TV Commercial Music Showcase – The Best Upbeat Tracks

first_imgLooking for positive and engaging music for your TV advertisements?  In this post, we’ve rounded up the best tracks to give your television advertising an upbeat and contemporary feeling.Engage your advertising audience with positive tunes!  In this showcase, we’ve featured the best upbeat music for TV advertising campaigns and online product videos.This isn’t your run-of-the-mill stock music.  From quirky mandolin driven folk to more funky, upbeat pop-rock, each of these contemporary tracks puts forth fresh and confident vibes to showcase your product in a stimulating way,   For convenience, these tracks each come in a 15, 30 and 60 version so they’re already timed out to the duration of standard television commercial spots.If you’re looking for TV commercial music give these royalty free tracks a listen and hear how they can increase the impact of your advertising:last_img read more

AMU students protest ‘police inaction’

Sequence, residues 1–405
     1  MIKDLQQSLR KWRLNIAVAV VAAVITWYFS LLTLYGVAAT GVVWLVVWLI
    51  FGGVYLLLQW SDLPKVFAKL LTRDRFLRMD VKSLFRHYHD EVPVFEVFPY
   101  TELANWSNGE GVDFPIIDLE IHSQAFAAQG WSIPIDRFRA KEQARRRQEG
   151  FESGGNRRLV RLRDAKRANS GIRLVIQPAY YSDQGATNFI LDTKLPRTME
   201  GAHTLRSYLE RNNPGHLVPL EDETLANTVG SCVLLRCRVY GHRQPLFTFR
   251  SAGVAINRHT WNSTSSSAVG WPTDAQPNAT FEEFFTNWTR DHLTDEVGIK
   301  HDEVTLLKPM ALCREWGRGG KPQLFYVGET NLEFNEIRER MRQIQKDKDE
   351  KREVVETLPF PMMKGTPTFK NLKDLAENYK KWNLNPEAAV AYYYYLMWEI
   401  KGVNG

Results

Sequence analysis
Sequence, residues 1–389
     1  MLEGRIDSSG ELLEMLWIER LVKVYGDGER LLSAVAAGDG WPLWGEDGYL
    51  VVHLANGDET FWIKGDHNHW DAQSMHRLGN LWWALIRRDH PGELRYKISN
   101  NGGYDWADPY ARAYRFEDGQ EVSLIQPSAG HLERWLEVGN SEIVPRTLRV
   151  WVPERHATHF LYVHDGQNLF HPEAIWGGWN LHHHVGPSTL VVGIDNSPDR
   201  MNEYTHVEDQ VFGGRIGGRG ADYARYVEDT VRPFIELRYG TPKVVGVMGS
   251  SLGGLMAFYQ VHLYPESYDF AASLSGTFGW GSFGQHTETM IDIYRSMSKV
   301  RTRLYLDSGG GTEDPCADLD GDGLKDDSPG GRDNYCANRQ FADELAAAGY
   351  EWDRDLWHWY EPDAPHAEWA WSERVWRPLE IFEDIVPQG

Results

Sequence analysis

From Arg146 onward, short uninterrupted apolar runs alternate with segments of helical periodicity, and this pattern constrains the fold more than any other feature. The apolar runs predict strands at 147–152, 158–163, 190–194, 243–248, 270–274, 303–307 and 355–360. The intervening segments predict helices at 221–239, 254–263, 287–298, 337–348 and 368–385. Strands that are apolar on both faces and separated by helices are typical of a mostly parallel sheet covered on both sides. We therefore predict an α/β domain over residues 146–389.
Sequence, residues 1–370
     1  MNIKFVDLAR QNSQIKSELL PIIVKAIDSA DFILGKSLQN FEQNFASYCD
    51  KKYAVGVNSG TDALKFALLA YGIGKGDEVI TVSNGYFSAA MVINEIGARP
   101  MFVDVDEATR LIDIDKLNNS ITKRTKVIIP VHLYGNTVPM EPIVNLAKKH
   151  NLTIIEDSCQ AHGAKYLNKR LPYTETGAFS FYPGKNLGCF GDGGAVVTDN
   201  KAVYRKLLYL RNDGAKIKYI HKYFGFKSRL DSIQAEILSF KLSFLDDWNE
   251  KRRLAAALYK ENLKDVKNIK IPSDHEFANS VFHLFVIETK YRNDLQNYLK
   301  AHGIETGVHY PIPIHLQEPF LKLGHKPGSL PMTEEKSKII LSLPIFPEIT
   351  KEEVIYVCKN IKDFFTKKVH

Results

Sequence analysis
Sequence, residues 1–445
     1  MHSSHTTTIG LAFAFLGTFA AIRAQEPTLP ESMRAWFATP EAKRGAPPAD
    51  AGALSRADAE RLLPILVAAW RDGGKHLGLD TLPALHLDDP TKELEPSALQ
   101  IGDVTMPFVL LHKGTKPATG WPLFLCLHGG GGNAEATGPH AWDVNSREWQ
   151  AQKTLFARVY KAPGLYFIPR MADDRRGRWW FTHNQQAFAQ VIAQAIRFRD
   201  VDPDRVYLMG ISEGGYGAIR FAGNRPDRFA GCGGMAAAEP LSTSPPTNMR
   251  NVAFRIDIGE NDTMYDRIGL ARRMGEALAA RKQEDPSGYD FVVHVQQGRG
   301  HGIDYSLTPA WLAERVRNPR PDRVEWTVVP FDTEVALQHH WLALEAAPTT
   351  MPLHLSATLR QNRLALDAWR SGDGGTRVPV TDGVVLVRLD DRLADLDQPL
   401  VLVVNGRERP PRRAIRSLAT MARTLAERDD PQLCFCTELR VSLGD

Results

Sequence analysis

first_imgAligarh Muslim University students sat on an indefinite dharna on Thursday protesting the “police inaction” against the vandalism carried out by members of some right-wing organisations on the university campus on Wednesday.AMU Students’ Union president Mashkoor Ahmad Usmani told The Hindu that the students are demanding a judicial inquiry and arrest of activists of right-wing groups who allegedly barged into the university campus and thrashed students and security guards when they tried to stop them from breaking law.Over 30 AMU students and many police personnel were injured in the violence which started with the right-wing protesters demanding removal of the portrait of Mohammad Ali Jinnah from the office of the AMU students’ union and in the subsequent confrontation between the students and the police.Reacting to the incidents of violence, Chief Minister Yogi Adityanath said that the “act of honouring the man who was responsible for the Partition of the country will never be tolerated”. He said that he has asked for a report from the district administration. ADG, Agra Zone, Ajay Anand has reached Aligarh and held a meeting with the IG, SSP and SP City over law and order in Aligarh.AMU has strongly condemned “the trespassing of university boundary and raising of objectionable and intimidating slogans by a group of Hindu Yuva Vahini youths”. It has asked the district administration to take strict action against the youths who disturbed the peace of the campus.The Aligarh police, meanwhile, have registered two FIRs. “One FIR is against over 300 unnamed AMU students and five AMUSU members,” said Javed Khan, the in-charge of Civil Lines police station.“The second FIR has been lodged against 22 unnamed people by the AMU security authorities under various sections,” he added.last_img read more